10-year-old Girl Battling Breast Cancer

what moms need to know about breast cancer and children

For Your Health

10-year-old Girl Battles Breast Cancer

What moms need to know

-Lissa Rankin, M.D., Betty’s OB/GYN on Call

The tragic story of the 10-year-old girl with breast cancer is enough to freak out any mother (and their daughters). But the truth is that her story is exceedingly rare.

The unusual type of breast cancer Hannah Powell-Auslam had is called secretory carcinoma, a rare subtype of infiltrating ductal carcinoma of the breast, but with a better prognosis. Few cases of this slow-growing cancer have ever been reported, and the five-year survival rate in young people is exceptionally good – approaching 100 percent after surgery. But does that make it any less concerning to us Moms? Maybe not.

So what can we do to protect our children? First, we need to teach them when they’re very young to learn to know their bodies. By teaching them about their bodies, we give them necessary permission to know and accept the skin they live in, but we also help them learn what’s normal. Invite your children to explore their body parts, including their breasts, so they can alert you, should they notice lumps and bumps that didn’t used to be there.

Hannah knew about her lump for months before she told her mother. She thought it was just part of growing up – a reasonable assumption. Many 10-year-olds do develop breast lumps as their breasts begin to form. I remember that, when I was 12, I felt a lump under my nipple and freaked out because I thought a roach had crawled under my skin. My physician father was able to examine me and assure me that they were just “breast buds,” but boy, was I mortified! At least I alerted my parents and got it checked. Give your children permission to explore, and make sure they feel comfortable coming to you if they find something different.

As for whether more and more young people will get breast cancer, I don’t know. A lot of research is ongoing, looking into environmental estrogens (xenoestrogens), which are chemicals with hormonal activity. These chemicals, which include pesticides, food dyes, plasticizers and many others, act like estrogen and appear to affect the genetic makeup of fetuses in utero. Not to get too technical on you, but these xenoestrogens act as endocrine disruptors and may increase the rates of diseases that are related to estrogen, such as fibroids, endometriosis and maybe breast cancer. So will more and more people get breast cancer? I can’t say. But we all need to keep these xenoestrogens in mind in order to protect our children and future generations. I could go on about how we need to protect Mama Earth, but then, that’s a whole other topic (and you don’t want me to get on my soapbox!).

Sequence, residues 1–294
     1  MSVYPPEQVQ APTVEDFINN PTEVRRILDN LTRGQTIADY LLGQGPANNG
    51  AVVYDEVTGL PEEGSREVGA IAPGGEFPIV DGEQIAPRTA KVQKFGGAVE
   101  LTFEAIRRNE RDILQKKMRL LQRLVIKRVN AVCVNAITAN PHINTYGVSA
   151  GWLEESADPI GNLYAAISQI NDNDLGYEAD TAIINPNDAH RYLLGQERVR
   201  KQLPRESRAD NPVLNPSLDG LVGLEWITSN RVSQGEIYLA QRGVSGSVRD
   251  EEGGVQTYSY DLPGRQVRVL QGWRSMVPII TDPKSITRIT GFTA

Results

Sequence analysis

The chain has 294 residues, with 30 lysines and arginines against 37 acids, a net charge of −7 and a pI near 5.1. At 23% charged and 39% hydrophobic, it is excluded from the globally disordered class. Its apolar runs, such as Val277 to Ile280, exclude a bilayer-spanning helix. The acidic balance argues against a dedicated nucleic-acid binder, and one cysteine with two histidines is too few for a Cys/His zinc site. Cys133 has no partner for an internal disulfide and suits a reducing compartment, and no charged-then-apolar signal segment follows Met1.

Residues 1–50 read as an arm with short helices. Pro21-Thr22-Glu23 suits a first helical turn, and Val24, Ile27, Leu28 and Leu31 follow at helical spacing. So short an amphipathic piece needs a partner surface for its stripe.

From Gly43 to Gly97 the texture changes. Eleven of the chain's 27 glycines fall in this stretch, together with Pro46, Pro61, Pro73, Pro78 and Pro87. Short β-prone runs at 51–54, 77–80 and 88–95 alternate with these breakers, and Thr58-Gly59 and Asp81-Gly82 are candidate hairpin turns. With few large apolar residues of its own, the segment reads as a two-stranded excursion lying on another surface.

I know Hannah was awfully young – and I don’t think your 6-year-olds need to do breast exams, but once your daughter hits puberty, teach her about her body. If you don’t feel comfortable, take her to her pediatrician or to a gynecologist, who has lots of experience with teens. Personally, I love having the opportunity to teach young woman about preventative health. No need to teach fear, but you can’t start too early to teach a girl to love her body. It’s all part of Owning Pink.

Read more about breast cancer here

Have a question about women’s health? Ask Betty’s OB/GYN on Call, Lissa Rankin , a gynecologist and author. She blogs at owningpink.com, and you can follow her on Twitter at @lissarankin.

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0 thoughts on “10-year-old Girl Battling Breast Cancer

  1. I can’t believe how young this girl is! It seems like our girls are hitting puberty younger and younger — a 10-year-old I know already started her period. What’s going on???

  2. Thank you Lissa for using this story as an opportunity to remind us how important it is to teach our children that there’s nothing to be ashamed of or embarrassed about when it comes to our bodies! It’s never to young to impart this to our children — the younger the better. My thoughts go out to that little girl and her parents — how terrifying it must be for them.

  3. i had no idea how young you could get breast cancer. I’m glad to hear it’s so rare. and what a good reminder to try and help our children feel comfortable talking to us about their bodies!

  4. i knew that even men can acquire breast cancer but didn’t know that young girls could get it. so sad but sounds like the odds are in the child’s favor even more so after surgery. i’m glad to hear that.

  5. We destroyed the young body with hormones in food, BPA plastics (banned elsewhere, not in US) over-vaccination (48 before age 6, taking a toll on the immune system) horrible chemical laden foods, formula with melamine in it (rememeber that one) and on and on. I pray this child recovers. American children are chronically critically ill. Where’s the alarm from peds?

  6. A friend of mine lost her sister when she (the sister) was just 10 or 11 to ovarian cancer. her entire family was shocked by it, understandably.

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